While contemporary interfaith movements aim to unite the voices of the multiple faith traditions for confronting injustices and inequities, the emergence of religious extremist groups and multicultural societies pose challenges arising from the mixing of different religions. Reflecting on Mohandas K. Gandhi’s writings, this paper analyses Gandhi’s vision of heart unity for creating communal harmony among the many religions of India at a time when the forces of fanaticism, bigotry, and hatred are raising their heads. Despite historical and contextual differences in the time Gandhi lived, his moral and critical approach to religion presents dynamic solutions for salvaging it from dogmatic and violent systems and for situating it in a moral context. His emphasis on the equality of all religions, while grounding himself in Hinduism, presents a model for serious and honest interfaith interactions. His insights on the issues of conversion, the study of scriptures of different religions, interfaith marriages, and parenthood can be experimented with to disrupt the othering of religions different from one’s own in order to build interreligious relations, with the goal of mutual respect and deep understanding, not simply tolerance.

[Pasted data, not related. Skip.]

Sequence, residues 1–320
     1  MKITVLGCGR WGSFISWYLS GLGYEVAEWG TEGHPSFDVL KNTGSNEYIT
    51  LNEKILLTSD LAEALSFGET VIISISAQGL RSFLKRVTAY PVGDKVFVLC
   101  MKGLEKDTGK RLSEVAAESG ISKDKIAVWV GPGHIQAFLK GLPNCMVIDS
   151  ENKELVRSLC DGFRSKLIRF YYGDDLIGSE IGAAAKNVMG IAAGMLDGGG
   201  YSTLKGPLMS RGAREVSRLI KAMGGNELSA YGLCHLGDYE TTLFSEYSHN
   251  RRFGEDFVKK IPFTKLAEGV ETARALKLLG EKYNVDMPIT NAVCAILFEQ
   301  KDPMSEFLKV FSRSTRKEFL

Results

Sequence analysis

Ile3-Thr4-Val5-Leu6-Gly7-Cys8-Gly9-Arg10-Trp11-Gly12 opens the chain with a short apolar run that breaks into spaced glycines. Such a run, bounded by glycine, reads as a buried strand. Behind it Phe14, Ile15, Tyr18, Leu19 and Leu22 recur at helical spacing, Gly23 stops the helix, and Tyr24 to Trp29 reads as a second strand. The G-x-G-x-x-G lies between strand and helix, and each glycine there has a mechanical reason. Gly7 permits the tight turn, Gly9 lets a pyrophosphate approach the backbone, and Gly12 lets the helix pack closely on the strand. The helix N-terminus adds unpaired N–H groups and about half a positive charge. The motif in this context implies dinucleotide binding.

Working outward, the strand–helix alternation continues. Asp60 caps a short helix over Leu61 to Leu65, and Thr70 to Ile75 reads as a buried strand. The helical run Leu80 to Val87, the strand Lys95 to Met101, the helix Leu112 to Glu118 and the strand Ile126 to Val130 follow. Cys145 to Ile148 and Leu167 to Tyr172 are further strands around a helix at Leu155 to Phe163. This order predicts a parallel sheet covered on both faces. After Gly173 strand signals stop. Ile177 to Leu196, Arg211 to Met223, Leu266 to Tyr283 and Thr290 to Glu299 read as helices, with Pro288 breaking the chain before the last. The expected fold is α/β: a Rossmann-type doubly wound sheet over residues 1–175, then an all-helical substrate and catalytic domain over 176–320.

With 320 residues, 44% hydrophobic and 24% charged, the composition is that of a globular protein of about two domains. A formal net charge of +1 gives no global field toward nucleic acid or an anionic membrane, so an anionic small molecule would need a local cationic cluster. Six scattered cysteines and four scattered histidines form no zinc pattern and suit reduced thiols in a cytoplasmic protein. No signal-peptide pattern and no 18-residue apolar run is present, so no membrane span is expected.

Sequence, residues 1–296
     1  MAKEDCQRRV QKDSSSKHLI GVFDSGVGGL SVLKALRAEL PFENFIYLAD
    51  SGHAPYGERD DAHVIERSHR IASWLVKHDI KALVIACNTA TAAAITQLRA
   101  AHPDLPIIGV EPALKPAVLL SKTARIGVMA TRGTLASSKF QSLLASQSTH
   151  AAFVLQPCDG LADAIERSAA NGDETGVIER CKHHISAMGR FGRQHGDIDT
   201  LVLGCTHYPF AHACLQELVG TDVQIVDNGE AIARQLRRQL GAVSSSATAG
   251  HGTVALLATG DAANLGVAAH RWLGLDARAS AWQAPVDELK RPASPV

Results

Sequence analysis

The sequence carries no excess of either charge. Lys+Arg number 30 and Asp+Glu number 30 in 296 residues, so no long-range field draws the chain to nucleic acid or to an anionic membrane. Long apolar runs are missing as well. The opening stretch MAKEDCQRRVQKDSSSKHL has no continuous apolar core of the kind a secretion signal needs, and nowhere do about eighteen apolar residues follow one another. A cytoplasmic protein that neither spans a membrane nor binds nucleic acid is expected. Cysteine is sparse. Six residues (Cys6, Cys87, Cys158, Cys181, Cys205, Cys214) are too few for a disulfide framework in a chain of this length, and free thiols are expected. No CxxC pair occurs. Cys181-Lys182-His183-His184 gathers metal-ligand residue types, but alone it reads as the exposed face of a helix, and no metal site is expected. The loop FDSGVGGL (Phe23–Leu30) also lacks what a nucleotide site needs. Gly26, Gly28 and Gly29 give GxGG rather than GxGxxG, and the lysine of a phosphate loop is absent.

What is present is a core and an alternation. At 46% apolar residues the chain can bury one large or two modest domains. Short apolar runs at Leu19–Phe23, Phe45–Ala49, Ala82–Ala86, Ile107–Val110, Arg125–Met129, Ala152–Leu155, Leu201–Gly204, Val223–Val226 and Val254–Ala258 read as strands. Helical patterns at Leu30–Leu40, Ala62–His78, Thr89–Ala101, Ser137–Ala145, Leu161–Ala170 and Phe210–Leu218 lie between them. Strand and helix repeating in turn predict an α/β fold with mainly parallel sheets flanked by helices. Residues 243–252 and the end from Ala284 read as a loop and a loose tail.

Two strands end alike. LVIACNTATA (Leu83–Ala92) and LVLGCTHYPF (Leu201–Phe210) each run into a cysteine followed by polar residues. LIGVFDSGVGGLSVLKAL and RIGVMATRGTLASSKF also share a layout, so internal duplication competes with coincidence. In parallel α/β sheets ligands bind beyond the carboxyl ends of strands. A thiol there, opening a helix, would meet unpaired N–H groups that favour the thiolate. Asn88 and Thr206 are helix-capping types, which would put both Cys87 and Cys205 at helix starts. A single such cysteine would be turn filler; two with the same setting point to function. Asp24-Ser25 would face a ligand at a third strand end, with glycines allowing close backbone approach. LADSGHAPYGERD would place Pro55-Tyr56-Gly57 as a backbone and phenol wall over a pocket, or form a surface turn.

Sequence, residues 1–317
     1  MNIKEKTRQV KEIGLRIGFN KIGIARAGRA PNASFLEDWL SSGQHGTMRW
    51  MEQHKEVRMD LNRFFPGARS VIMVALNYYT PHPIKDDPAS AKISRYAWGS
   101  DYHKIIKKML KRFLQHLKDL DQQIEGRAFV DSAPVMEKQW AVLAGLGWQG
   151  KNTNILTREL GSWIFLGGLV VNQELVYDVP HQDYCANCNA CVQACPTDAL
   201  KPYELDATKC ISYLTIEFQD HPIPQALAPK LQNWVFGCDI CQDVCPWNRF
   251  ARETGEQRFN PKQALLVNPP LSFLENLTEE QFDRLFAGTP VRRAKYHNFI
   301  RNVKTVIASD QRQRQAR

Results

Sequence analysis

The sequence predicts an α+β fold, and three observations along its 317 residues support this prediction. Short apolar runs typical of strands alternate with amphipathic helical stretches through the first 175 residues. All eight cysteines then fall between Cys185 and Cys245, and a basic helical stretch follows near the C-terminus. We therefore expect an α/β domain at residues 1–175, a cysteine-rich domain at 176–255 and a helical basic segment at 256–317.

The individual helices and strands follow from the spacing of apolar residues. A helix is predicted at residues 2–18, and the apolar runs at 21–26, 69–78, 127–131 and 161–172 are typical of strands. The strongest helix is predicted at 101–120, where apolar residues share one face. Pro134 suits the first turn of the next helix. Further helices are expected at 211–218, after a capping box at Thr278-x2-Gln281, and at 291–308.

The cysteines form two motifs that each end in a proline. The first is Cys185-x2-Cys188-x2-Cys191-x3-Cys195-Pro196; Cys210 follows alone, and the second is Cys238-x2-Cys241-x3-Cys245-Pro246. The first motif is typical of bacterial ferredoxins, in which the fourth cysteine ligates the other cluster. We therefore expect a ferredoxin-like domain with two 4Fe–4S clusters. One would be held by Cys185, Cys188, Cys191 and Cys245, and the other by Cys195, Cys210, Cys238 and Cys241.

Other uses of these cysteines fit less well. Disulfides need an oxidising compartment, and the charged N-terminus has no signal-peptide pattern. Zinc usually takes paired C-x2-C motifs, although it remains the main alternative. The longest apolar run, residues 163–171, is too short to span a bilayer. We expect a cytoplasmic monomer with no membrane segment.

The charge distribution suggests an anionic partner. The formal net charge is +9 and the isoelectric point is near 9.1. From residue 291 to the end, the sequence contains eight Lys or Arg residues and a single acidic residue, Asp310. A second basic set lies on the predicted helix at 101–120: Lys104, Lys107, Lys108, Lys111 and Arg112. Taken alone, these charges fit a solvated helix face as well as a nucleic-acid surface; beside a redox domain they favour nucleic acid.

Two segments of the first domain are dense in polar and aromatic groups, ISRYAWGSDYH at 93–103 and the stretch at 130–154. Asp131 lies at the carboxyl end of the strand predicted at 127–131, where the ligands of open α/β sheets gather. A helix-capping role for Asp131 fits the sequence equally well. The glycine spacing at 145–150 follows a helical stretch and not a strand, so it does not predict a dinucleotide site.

Interreligious Relations / South Asia
Last updated on 03/07/2020